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Amazon green snake Emerald Tree Boa
Adventurer Ed Stafford is looking for a partner to accompany him as he walks the entire length of the Amazon river. Journalist for The Guardian, Mark Barrowcliffe, joined him to find out what the successful applicant will be in for...

I am wading fully clothed through a fast-flowing, waist-deep stream in the heart of the Peruvian Amazon. No white man has been across here in living memory and we’re a week’s walk from anything resembling a town. It’s a thrill, but the pack on my back is heavy and the force of the water threatens to flip me over at any minute.

Welcome to the world of Ed Stafford, explorer, adventurer and the man bidding to become the first in history to walk from the source of the Amazon in the high Andes to the mouth of the river in Brazil. The man who is looking for a partner to accompany him along the way. This is no TV-friendly trip with fixers, boats and planes, soundmen, directors and translators - this is a 12,000km slog through some of the most hostile territory on the planet.

Ed had broken his walk to meet me in the town of Pucalpa, 400 miles from Lima - a ramshackle jungle river port of unfaced brick and corrugated iron roofs, 38°C heat and stultifying humidity. We had to take a boat back to where he left off. Getting marooned on a sandbank in the middle of the Ucayali on an unlit boat with night falling was a very Tintin way to start. We had to jump into the river to free the boat. As I looked to the distant banks I couldn’t help thinking: "I’m in the bloody Amazon! What else is in here?"

When we finally got back to the route we hit the ground running, almost literally. Ed has three main guides for this part of the trip, two from the indigenous Asheninka tribe - the tough Andreas and Alfonso - whose village originally took Ed prisoner out of fear - was to liaise with the locals. They radio ahead to explain that Ed is coming through. It’s a safety measure but also, explains Ed, basic politeness.

In late afternoon of the first day we reached a tiny local village - Esperanza - and, after the guides announced us, we were greeted warmly. However, one mother had doubts. "Are you pelicara?" she asked. We said we weren’t.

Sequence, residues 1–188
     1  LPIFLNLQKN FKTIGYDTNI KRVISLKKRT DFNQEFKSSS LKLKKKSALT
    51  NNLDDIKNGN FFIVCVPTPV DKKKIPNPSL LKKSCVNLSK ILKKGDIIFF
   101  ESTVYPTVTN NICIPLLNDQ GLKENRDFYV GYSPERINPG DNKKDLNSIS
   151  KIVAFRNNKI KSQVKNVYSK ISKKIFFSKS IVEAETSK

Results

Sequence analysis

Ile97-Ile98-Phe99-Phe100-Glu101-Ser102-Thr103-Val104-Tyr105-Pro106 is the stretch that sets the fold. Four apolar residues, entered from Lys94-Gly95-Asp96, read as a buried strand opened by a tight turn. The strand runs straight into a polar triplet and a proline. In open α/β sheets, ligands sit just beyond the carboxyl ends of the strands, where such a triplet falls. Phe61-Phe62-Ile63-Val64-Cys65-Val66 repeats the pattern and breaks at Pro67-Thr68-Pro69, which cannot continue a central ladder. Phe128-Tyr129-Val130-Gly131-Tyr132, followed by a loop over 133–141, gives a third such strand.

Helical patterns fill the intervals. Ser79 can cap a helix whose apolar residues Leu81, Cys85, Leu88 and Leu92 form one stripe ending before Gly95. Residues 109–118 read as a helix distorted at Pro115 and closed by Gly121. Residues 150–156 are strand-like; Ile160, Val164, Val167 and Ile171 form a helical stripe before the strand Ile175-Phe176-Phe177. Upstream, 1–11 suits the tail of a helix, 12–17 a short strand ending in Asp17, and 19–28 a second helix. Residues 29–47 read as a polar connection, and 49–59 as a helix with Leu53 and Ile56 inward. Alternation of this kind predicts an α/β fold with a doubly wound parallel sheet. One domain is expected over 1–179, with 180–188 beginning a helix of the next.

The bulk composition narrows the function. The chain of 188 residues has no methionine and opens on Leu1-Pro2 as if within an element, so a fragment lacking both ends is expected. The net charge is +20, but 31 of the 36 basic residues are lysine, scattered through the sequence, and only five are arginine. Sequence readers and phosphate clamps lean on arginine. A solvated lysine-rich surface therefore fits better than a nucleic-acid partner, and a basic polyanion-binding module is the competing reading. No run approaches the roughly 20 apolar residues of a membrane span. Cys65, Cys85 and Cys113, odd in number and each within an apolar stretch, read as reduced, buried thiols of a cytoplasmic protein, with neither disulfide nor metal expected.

"Are you sure?" she said.

"We’re sure."

"OK then," she said, and I couldn’t help thinking it was all a bit Monty Python.

On my final day, a 12-hour jog through the soaking jungle, I was at the point of total collapse. The insoles of my boots disintegrated as we reached Samaria, a large, well-kept village. Our attempts at radio contact had failed. We asked to stay and were led before a growing crowd to speak to a man who was clearly drunk. His opening position was that we were almost certainly pelicara and we’d be lucky if all he did was kick us out into the jungle in the pitch black. The villagers seemed terrified of us. Luckily a visiting Shipibo English teacher championed us and the village voted to let us stay.

The next day, it was time for me to go home. I caught the colectivo river bus for a 12-hour trip back to Pucalpa, travelling first class on a fifth-class banana boat. I slung my hammock below deck and slept out the journey. I felt drained, mentally as much as physically. I’d done adventure tourism before - but the feeling was nothing like this. Just the three  days I did in the jungle was an incredible challenge. Ed has 18 months in front of him.

In August 2010 Ed completed his journey, accompanied to the end by Cho.

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